The sterilized insect technique dates back to the 1950s, and has been dubbed an “environmentally friendly” pest-control strategy by the International Atomic Energy Agency. Radiation is often used to sterilize insects for the process, although the Australian trial used bacteria for its own purposes.
The U.K.-based research firm Oxitec has also been working on so-called “friendly” mosquitoes, which have been genetically modified to produce offspring that die early.
However, researchers say it’s impossible to rear enough sterilized males to wipe out malaria across the whole of Africa.
That’s why researchers have shifted their attention to gene drives.
Solution 2: Driving mosquitoes to extinction
Gene drive technology is only a few years old, but it’s already become a major focus in the effort to eliminate malaria.
“You put [the gene drive] into a mosquito and that element can spread itself into all of the members of the population on its own,” said Andrew Hammond, a molecular biologist at the Imperial College London.
Hammond is part of a team trying to eliminate malaria-transmitting mosquitoes in Africa through the use of a gene drive. They want to use the gene drive to pass on a trait that will render all mosquitoes infertile within a few generations.
“Our genetic modification will make females sterile, but only if they inherited it from two parents,” he said.
“If they inherited that modification from just one parent, they’ll be completely fine, so the genetic element can spread faster than it makes them sterile,” Hammond said.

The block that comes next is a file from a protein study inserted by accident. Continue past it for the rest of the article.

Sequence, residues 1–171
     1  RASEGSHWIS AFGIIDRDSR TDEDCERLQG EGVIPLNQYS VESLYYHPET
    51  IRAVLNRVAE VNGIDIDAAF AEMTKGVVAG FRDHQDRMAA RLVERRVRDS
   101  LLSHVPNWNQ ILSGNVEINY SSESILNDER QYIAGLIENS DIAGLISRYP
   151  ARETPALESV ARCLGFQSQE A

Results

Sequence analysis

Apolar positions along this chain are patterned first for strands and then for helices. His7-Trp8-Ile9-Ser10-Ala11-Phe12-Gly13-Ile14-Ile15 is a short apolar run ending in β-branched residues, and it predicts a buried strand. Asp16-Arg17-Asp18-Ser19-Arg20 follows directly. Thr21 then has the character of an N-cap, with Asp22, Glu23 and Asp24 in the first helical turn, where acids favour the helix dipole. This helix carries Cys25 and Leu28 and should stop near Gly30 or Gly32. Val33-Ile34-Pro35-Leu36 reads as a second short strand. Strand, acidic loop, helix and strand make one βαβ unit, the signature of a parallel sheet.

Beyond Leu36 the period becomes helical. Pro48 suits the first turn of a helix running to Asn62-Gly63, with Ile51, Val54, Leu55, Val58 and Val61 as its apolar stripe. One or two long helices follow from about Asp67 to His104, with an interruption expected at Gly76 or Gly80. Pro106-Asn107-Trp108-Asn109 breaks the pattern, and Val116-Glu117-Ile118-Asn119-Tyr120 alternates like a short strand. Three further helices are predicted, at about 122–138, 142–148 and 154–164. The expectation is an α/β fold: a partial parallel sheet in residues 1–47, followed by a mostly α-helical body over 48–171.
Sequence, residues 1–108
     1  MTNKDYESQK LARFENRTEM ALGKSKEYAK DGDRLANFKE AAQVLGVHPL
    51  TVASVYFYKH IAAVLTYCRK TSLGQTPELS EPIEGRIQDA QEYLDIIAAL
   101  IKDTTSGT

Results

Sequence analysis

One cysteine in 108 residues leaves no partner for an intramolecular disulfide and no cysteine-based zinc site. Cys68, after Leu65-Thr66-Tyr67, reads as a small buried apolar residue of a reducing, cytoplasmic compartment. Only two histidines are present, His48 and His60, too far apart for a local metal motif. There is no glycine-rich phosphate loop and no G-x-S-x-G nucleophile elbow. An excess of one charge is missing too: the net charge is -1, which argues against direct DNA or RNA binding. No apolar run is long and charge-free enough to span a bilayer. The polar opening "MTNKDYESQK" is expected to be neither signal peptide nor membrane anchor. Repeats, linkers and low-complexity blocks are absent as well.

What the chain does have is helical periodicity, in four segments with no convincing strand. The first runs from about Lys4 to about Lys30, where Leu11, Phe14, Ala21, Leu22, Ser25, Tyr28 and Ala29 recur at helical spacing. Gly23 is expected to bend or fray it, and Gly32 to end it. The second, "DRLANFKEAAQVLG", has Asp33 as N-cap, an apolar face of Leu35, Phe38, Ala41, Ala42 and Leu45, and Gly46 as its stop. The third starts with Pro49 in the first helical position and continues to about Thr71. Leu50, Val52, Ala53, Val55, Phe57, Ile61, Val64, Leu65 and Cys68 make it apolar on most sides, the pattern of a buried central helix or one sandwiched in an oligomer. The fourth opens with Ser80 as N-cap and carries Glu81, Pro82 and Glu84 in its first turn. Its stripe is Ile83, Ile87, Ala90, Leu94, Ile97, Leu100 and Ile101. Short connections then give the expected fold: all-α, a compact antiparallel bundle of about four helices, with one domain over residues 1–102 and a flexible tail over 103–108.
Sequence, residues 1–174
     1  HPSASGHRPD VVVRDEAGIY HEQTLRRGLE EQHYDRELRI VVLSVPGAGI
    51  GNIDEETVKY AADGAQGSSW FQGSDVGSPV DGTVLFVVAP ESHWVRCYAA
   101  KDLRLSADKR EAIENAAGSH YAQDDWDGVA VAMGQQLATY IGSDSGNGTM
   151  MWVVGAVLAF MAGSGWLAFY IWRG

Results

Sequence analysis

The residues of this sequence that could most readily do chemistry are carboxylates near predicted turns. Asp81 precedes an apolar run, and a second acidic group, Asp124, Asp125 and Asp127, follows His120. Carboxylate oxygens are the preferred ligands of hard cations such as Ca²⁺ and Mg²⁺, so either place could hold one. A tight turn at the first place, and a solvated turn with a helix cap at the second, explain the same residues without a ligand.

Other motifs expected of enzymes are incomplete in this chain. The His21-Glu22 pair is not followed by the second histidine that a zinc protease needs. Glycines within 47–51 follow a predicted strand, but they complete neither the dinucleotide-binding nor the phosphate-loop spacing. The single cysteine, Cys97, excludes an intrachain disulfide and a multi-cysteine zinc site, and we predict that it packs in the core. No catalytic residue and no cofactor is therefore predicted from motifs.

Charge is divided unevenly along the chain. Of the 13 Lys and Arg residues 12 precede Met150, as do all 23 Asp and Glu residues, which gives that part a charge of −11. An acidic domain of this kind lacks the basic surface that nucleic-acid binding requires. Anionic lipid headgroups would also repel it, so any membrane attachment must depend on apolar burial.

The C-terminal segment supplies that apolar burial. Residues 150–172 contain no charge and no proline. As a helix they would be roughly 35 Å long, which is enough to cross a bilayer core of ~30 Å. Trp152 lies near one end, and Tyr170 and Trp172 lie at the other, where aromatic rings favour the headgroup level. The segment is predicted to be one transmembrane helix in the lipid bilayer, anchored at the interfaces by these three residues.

His team recently found that a gene drive could reduce the fertility rate in a mosquito population by more than 90 per cent, with the remainder surviving through various mutations. Their findings were published in the journal PLOS last October.
The whole process is made possible through the use of CRISPR, a technique that attempts to effectively cut and paste the genes of living organisms.
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However, tampering with an ecosystem could have unforeseen consequences, giving rise to another mosquito that might also mutate to spread the same diseases, Pugh said.
Kill a few, or kill them all?
Gene drive technology won’t be ready until approximately 15 years from now, Hammond says.
In the meantime, he suggests the sterile insect technique might be the best solution for curbing the spread of disease in populated areas, along with established methods such as vaccines and mosquito nets.
Pugh says it will be important for scientists to promote the use of gene-drive technology over the next decade, so that bans aren’t put in place to prevent it from ever being used.
Some environmental activists have already called for a global moratorium on gene drive technology. However, the notion was rejected by the UN at a biodiversity meeting in late 2016.
Hammond says the gene drive could be rolled out sooner than 2033, but it’s important to make sure the technology has been fully tested before it’s unleashed.
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Hammond says there’s no going back with the gene drive, because it will ignore borders and spread throughout the continent wherever it’s deployed.
“It’s something that you can’t easily take back once you release it,” Hammond said.
That’s why lawmakers will have to decide ahead of time whether saving millions is worth the risk of releasing an extinction gene into the world, Pugh said.
“There is going to be something of a gamble,” he said.